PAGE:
• DOH implements price freeze on essential medicines

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    Health Secretary Enrique Ona announced Friday the implementation of price freeze on about 200 essential medicines to ensure their availability for thousands of super-typhoon Yolanda victims who are vulnerable to many diseases because of lack of food, clean water and the difficult conditions in typhoon-stricken areas.

    “Securing the health and safety of the typhoon victims is an immediate priority of the DOH. We have to make sure that they have access to the medicines that they need and that public hospitals and government agencies are able to source affordable drugs to reach as many of our countrymen severely affected by this crisis,”said Ona.

    The price freeze include essential drugs for physical and mental trauma and injury, diarrhea, pneumonia, skin diseases and other infections such as leptospirosis and other endemic diseases in affected areas.

    The Department of Health is monitoring potential occurrence or possible outbreak of communicable diseases because of the lack of water and sanitation facilities as well as the non-functional state of primary health facilities in typhoon affected areas.

    Other essential drugs covered by the price freeze include those that address common chronic diseases such as diabetes, hypertension and asthma likely to be aggravated by the anxiety and stress as well as the difficult conditions faced on a daily basis by the victims.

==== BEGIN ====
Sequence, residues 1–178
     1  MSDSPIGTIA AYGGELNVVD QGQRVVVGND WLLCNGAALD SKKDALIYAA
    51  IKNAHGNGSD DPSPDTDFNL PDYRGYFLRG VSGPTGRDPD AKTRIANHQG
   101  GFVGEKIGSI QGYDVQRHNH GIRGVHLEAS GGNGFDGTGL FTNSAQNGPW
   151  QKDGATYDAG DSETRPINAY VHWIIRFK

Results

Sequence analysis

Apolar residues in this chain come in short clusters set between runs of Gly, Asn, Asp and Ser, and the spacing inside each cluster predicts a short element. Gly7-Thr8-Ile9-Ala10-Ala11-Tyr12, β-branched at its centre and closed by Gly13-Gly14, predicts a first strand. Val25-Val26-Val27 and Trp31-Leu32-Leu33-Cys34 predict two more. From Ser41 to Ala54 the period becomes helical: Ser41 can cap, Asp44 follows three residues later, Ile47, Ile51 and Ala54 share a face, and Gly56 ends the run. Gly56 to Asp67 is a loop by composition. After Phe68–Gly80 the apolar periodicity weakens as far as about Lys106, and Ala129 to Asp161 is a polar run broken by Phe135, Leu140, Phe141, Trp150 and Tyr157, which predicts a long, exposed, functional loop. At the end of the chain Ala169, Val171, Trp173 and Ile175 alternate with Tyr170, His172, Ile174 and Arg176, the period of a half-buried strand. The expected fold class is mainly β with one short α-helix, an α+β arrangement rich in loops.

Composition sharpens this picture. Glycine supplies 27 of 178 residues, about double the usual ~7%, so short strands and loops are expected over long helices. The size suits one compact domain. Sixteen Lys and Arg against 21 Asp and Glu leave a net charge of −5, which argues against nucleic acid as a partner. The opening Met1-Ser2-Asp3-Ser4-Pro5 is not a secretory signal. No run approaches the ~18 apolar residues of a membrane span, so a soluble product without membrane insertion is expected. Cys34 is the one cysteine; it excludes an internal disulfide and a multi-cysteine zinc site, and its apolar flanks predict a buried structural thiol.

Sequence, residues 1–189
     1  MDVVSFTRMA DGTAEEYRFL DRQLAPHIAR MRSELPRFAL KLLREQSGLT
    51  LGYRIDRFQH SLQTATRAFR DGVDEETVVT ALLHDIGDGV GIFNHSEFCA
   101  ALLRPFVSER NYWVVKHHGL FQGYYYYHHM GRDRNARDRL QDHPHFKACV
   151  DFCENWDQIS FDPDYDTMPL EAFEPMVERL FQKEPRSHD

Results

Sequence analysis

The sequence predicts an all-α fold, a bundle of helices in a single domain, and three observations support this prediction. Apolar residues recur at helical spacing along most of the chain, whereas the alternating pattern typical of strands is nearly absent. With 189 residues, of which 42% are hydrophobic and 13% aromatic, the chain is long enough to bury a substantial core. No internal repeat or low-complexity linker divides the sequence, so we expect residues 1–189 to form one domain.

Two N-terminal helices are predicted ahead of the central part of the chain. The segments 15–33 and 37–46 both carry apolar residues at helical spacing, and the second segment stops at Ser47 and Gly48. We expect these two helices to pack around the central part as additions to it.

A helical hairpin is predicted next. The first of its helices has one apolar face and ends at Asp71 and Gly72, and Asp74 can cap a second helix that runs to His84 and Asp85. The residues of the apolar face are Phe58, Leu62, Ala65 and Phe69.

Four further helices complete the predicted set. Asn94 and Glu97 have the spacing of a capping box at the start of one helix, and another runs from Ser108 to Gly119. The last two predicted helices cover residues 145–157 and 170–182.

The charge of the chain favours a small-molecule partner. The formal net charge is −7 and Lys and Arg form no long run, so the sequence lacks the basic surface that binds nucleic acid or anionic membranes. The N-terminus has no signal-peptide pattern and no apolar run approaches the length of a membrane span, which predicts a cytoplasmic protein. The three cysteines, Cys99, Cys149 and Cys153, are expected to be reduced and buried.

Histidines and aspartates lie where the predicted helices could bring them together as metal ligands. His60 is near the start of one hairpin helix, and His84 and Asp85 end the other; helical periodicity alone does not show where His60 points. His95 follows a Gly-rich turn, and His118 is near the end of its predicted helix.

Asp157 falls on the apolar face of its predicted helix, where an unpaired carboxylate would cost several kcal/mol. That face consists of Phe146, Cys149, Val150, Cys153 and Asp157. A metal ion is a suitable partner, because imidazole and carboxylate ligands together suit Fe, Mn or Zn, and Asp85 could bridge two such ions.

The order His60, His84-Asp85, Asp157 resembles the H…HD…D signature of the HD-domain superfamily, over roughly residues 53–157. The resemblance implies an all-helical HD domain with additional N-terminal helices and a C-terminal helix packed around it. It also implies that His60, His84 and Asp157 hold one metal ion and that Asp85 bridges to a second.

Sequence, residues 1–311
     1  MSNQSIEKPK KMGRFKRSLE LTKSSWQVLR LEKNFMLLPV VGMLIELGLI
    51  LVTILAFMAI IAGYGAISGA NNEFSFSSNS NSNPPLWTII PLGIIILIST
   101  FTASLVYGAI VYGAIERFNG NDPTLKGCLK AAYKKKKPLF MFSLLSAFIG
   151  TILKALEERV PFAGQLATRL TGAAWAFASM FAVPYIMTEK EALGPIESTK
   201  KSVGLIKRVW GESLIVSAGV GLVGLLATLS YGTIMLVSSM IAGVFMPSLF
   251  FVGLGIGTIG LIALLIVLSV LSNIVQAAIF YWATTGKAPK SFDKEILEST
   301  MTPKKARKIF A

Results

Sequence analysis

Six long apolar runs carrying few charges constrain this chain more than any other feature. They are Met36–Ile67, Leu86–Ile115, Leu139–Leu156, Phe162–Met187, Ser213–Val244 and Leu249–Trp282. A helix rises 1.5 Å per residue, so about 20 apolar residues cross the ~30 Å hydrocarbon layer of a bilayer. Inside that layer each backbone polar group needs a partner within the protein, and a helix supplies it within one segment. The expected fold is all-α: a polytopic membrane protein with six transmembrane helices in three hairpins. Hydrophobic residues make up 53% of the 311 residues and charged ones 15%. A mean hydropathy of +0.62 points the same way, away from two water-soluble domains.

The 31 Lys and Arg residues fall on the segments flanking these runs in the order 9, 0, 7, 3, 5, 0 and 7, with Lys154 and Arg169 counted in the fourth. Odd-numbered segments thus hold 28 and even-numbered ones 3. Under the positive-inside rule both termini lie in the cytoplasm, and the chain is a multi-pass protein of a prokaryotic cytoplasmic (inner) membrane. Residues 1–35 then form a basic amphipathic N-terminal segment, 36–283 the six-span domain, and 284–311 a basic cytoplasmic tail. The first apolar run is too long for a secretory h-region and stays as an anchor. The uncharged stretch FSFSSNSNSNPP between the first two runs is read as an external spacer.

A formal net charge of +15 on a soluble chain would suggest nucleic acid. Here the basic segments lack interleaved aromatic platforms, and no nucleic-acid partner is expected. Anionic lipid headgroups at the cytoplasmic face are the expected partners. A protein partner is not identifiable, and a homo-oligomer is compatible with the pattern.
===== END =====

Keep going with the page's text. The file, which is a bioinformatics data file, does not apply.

The Price Act (Republic Act 7581) mandates the DOH to automatically freeze the prices of essential drugs classified as basic commodities or impose maximum price ceilings particularly in times of calamities to protect consumers from profiteering, hoarding, cartels and other such violations by traders who may take advantage of the calamity situation.

    Ona ordered the price freeze to be effective immediately in all public and private drug retail outlets nationwide including hospital pharmacies.

    Consumers are encouraged to lodge complaints against any violation, as Ona warned drug manufacturers, traders and retailers to strictly implement the order.

    The Health Secretary also clarified that a price freeze means that suppliers, pharmacies and hospitals should not unduly hike the prices of essential drugs from their prevailing prices before the occurrence of the calamity.

    The DOH through the Order published both the Drug Price reference Index (DPRI) to impose a price ceiling in government bidding and procurement of medicines as well as Suggested Retail Prices (SRP) to guide consumers on the lowest cost quality generic drugs in private pharmacies.

    All DOH regional directors were tasked to monitor the prices of essential drugs and make sure there is no overpricing especially in calamity-stricken areas. PNA

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